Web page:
The solution to disentanglement lies in active collaboration between logistics players at each exchange point for cargo with improved transparency in data availability and exchange, including ports.

  • The continued reliance on trucks versus other intermodal transportation options is impacting supply chain fluidity and efforts to decarbonize. The majority of the world’s regions still rely on trucks as the main hinterland transport mode connecting ports. 
  • Aging diesel fleets with inefficient engines queuing for loads have caused congestion and air quality problems, particularly in urban ports where road expansion capacity is limited. Volatile fuel prices affect an industry dominated by single-owner operators and lead to widespread industrial unrest. 
  • Pioneering ports have tried to encourage the replacement of inefficient engines and the use of alternative low-carbon or zero-carbon fuels, although widespread adoption is limited. 

While progress has been made in some areas in moving cargo from road to rail and barge, further efficiency improvements  are needed to enable cargo owners to switch modes. While some regions have made progress in improving rail connectivity by investing in improving accessibility through new routes or increasing service frequencies, many regions of the world do not have enough tracks, rolling stock, or drivers to meet the additional demand. 

 Port infrastructure Market Size 2021-2030


Progressive solutions on the way

Progress in improving inland ferry connectivity continues to be hindered in many areas by the industry being dominated by a single owner-operator that lacks scale and coordination, low-priority ports indicating barge loading and unloading, and, in some cases, river and lake accessibility due to seasonal changes caused by climate change. 

However, increased global consolidation in the private logistics sector in many regions offers an opportunity to improve the synchronization of functionality between ships, countries, and land-water intermodal transport.


  • Increases in the maximum capacity of ports and the utilization rate of inland storage and distribution infrastructure require that ports review their land investment portfolios and work with investors to build new inland container depots.
  • Warehouses and distribution centers at or near full capacity amid the recovery in global post-pandemic demand have caused congestion at docks and quays. Shipments that cannot pick up cargo due to lack of freight or rail options or want to maintain inventory at ports  despite demurrage costs remain a significant challenge for ports. 

Floating Ports Terminals

Floating quay will take time to build but there is a possibility to move towards this solution for longer economic favourable results.

A floating dock can be used and designed in many different ways, and therefore different for each port. Choices to be made include, for example, the number of end users (proprietary or multi-user?)

Stacking resources and the number of cranes running on the platform 

  • Each of the system-level choices have consequences at a later stage. For example, the stacking configuration gives
  • More stacking power but increases the platform’s dimensions. In addition to the uses of the floating dock, there are several ways to build the functional systems. 
  • Floating elements can be built as a pontoon, catamaran, or semi-submersible. Other aspects related to further planning include, e.g., location systems and connections between elements.
  • Transportation of containers over the A floating dock can be done with AGVs. The advantages of this design are: the high utilization rate of the
  • design, relatively small dimensions for better maneuverability, and the flexible structure .
  • The disadvantages of this design are as follows: ships cannot unload there are floating docks on both sides, and direct transfer is limited. 

Unused Land

The creative search for unused land in the vicinity of ports to act as “popup” storage areas and partnering with logistics companies to enlarge or invest in new cross-docking and inland container depots at strategic intermodal intersections has already been proven as a way of improving supply chain resilience. Efforts to improve port efficiency through automation vary considerably between regions of the world and are impacted by their location, labor skillsets, and labor regulatory environments.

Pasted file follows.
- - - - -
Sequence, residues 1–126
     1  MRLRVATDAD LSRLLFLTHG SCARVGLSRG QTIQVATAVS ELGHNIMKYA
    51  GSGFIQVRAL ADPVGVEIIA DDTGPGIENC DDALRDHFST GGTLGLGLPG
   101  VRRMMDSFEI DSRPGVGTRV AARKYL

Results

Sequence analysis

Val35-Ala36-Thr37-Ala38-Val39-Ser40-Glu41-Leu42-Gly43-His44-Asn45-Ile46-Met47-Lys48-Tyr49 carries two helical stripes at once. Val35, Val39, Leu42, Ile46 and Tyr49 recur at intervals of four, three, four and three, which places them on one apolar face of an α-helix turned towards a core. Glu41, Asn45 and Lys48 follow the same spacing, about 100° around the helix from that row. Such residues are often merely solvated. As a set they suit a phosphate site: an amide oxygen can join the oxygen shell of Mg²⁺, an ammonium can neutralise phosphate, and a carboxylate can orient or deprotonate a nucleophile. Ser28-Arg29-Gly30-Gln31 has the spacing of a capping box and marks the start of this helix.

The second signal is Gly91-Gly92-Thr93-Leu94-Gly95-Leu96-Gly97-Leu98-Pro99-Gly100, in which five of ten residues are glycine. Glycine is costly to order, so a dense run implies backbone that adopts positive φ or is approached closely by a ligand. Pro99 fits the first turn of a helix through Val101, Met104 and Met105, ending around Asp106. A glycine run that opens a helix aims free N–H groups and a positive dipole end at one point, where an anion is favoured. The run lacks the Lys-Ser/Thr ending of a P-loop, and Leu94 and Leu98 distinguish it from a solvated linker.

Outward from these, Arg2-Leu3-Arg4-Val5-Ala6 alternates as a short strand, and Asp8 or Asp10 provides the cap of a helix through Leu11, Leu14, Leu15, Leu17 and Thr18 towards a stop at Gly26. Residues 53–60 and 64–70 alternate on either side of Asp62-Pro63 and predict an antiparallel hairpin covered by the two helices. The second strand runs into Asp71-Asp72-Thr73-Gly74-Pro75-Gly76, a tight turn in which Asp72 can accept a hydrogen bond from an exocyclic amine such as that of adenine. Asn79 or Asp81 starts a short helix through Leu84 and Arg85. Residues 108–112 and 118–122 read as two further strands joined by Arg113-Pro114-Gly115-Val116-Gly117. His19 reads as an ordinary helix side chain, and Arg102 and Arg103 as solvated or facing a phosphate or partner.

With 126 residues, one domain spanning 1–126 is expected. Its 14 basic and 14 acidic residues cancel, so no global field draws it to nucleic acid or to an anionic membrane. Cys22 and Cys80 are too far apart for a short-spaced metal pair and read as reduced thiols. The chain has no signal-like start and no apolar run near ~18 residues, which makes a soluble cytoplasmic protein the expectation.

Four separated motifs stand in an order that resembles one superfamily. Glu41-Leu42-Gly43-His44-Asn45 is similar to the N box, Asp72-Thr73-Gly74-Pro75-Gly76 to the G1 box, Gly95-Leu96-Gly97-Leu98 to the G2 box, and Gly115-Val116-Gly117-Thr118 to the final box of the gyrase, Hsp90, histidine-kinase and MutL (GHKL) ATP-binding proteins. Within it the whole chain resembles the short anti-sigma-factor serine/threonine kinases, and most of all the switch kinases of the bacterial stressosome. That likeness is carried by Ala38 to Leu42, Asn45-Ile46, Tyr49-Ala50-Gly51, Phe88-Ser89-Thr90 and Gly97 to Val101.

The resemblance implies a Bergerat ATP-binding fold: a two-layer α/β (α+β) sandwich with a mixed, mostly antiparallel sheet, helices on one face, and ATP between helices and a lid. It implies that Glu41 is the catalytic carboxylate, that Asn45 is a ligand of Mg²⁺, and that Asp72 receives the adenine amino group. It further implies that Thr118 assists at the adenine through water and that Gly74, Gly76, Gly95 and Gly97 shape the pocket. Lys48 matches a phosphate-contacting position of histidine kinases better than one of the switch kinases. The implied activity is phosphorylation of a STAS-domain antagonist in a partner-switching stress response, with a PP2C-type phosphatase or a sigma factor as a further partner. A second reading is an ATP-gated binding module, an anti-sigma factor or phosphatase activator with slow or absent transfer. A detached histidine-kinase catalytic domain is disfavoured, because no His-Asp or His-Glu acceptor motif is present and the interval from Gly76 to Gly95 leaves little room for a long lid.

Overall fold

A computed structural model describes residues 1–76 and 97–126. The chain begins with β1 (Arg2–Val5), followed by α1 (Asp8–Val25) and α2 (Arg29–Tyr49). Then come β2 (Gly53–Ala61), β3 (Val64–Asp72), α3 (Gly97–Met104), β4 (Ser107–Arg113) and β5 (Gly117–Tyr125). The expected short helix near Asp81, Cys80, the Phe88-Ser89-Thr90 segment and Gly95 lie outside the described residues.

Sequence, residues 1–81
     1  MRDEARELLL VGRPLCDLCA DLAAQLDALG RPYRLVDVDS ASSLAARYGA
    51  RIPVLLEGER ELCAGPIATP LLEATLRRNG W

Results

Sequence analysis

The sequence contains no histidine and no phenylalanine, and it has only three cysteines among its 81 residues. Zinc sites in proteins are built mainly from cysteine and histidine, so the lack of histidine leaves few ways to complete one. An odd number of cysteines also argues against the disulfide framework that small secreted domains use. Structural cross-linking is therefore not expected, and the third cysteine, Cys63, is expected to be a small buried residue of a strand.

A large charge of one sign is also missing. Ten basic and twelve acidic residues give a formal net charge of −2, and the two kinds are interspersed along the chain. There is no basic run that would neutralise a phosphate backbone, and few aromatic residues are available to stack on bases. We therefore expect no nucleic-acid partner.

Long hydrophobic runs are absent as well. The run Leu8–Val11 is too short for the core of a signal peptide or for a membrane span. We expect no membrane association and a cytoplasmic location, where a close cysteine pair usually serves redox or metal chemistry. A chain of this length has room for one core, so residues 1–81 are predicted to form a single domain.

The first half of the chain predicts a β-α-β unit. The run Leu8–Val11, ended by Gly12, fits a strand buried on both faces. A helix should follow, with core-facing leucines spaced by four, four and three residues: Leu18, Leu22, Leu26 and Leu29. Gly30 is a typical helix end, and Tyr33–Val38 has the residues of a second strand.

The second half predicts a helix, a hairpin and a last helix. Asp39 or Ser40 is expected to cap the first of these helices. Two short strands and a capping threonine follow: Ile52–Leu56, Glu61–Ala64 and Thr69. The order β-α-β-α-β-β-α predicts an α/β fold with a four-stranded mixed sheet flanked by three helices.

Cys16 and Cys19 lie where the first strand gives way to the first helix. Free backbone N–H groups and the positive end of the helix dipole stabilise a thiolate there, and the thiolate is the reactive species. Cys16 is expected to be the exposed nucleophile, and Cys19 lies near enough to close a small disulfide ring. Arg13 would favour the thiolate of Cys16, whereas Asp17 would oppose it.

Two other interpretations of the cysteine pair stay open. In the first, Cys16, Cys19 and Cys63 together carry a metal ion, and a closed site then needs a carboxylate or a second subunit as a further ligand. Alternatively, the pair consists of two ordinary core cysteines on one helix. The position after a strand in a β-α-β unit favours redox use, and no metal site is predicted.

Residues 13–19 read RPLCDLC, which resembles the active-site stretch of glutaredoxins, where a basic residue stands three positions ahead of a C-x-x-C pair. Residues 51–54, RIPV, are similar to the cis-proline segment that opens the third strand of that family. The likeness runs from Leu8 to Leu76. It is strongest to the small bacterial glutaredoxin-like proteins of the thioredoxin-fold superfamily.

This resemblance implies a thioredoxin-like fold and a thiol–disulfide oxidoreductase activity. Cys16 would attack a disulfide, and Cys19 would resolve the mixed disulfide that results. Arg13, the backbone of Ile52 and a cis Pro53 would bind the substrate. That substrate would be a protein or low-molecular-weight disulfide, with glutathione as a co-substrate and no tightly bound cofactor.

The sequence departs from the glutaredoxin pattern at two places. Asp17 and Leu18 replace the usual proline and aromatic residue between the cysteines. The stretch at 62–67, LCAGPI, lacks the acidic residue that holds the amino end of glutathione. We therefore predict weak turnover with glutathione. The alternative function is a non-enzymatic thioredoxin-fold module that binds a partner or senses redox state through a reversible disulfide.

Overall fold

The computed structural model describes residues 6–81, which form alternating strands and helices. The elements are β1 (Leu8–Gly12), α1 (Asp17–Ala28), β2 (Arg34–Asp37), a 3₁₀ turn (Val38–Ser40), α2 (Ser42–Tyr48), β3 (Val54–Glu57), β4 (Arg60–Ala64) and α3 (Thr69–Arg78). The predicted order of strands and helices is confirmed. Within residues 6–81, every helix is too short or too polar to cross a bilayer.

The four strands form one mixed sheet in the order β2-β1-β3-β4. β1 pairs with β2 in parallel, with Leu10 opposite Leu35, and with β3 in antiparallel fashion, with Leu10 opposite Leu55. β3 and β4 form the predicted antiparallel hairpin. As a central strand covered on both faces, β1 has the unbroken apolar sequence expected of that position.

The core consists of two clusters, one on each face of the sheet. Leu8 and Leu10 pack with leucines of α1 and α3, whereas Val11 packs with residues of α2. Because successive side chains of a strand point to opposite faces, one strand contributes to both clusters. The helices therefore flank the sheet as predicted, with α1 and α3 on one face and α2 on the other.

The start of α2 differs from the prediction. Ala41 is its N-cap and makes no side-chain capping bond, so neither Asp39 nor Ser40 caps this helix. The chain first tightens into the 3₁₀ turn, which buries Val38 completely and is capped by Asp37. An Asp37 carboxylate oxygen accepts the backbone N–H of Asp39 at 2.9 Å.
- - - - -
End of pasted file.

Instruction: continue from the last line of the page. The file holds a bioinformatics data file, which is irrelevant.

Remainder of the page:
For those ports located in cities with limited options to expand capacity, combining investments in labor and a pragmatic combination of automated and skilled labor processes may offer a path forward to meet future demand. 

Reducing the efficiency gaps in official cargo, passenger, and other government clearances should be addressed together, not separately. In many developing countries, the efficiency of a port or terminal depends on the transparency and efficiency of settlement procedures. 

Without a well-established government structure and cross-ministerial action that brings the private and public sectors together to implement a digitized process, the rationalization of customs clearance and other processes is unlikely to succeed.

Drone for yard Inventory & counting at ports

The adoption of drones  in logistics and supply chain inventory could potentially be a game changer, drones are equipped with motion sensors and 3D cameras to examine and analyze warehouse interiors, as well as GPS  to navigate  outdoor spaces, intelligent automation software, i.e. software that allows multiple drones to fly independently, precisely hover  and precisely for landing, computer vision, artificial intelligence and machine learning capabilities, high-quality video, cloud connectivity, robotics, autopilots and many other technical functions to read barcodes, QR codes, text and radio frequency identification ( RFID) on warehouse products. Reports generated by the drone can then be linked to the company’s inventory management system and A real-time variance report is generated between the recorded real-time data and the WMS data, which is further investigated and resolved.


Human capital is considered a critical factor in bridging global port infrastructure gaps. 


The transformation of ports from lessors to potential organizers of supply chain smoothness, carbon-free energy centers for industrial production, and shipping clusters serving local port communities requires a change in the management of ports and the management profiles that guide them. 

The Gaps exercise identified this shift taking place across many of the world’s largest shipping lines, terminal operators, and logistics providers. However, there are still few examples of significant changes in the work organization of port owners and port managers. Ports can only succeed in the process by attracting young and diverse talent to the industry. 

To achieve a change in the mindset of ports and other supply chain stakeholders to deliver supply chain as a service, the industry also needs to be measurable, comparable, and up-to-date.